Bangkok - Wearing her trademark ski goggles for protection from flying sparks, Thai cook Jay Fai hunches over two sizzling woks as tourists from around the world line up in three-hour-long queues at her modest streetside eatery.
The 72-year-old's crab-stuffed omelettes have always been popular among local gourmands, but her eponymous restaurant shot to global fame overnight after it was awarded a Michelin star this month at the launch of Bangkok's first guide.
While she is proud of the achievement, former dressmaker Jay Fai is still adjusting to the media frenzy that has seized her open-air kitchen in Bangkok's old quarter.
"There are advantages and disadvantages," she told AFP as she flung ingredients into a wok, explaining she did not have time for a formal interview.
"The downside is being exhausted ... Also, the government wants me to promote Thailand. I feel like I don't have a choice," she added.
She has been asked to appear at the seaside town of Hua Hin for an international tennis tournament this weekend, where she will teach top-ranked players to make her signature crab omelette and the Thai soup dish Tom Yum Kung.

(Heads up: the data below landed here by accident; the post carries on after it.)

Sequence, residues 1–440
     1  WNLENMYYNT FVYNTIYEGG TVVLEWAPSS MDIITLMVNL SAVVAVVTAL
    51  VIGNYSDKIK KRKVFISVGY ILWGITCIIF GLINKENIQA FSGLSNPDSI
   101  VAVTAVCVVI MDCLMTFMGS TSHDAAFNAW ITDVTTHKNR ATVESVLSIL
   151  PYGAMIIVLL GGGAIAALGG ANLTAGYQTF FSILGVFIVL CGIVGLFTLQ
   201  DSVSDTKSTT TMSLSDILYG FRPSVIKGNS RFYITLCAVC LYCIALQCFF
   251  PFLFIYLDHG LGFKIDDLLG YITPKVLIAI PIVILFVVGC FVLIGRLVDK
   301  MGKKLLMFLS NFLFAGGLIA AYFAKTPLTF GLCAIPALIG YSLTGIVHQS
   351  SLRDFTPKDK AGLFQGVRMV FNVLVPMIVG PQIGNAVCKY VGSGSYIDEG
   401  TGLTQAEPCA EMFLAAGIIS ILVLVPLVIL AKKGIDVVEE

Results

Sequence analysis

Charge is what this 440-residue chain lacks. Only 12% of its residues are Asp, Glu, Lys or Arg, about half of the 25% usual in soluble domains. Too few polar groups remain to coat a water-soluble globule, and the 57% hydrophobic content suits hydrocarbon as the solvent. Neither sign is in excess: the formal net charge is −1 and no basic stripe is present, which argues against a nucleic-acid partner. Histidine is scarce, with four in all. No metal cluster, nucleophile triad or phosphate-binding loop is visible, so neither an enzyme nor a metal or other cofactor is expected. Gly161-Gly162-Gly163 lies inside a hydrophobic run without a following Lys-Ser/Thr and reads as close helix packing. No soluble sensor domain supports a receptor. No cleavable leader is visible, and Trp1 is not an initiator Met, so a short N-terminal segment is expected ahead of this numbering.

"I will not be selling for two days," she said ruefully, adding that she would even consider handing back the coveted star if it meant returning to her normal routine.
Any distraction from work means a loss of business for Jay Fai, whose spirited cooking style - a flurry of activity from grabbing handfuls of raw seafood to dishing out plates of the finished product - is one of the main attractions.
Her supersized portions of crab and jumbo prawns are also part of the draw, though the dishes are far pricier than the city's average street vendor at upwards of $20 a pop.
The unflashy eatery, which has partial indoor seating, was the only streetside venue among the 17 Bangkok restaurants awarded stars on December 6, when Michelin unveiled its first guide for the Thai capital.
Michelin only awards stars to establishments with fixed addresses, leaving many of Bangkok's famous roadside stalls out of the running at a time when the city is attempting to move them off the pavements and into organised markets.
Jay Fai had heard of the brand name Michelin but was not aware that the French tyre company had anything to do with cooking.
She is not the first chef to feel the heat over the flood of attention that comes with a Michelin star.
In September a chef in southern France with three stars said he wanted to be stripped of the award because of the "huge pressure" to meet its standards on a daily basis.
But Jay Fai's colleagues are not worried about her.
"She's quite strong. She never gets ill," said Kung, an assistant who has worked there for 10 years.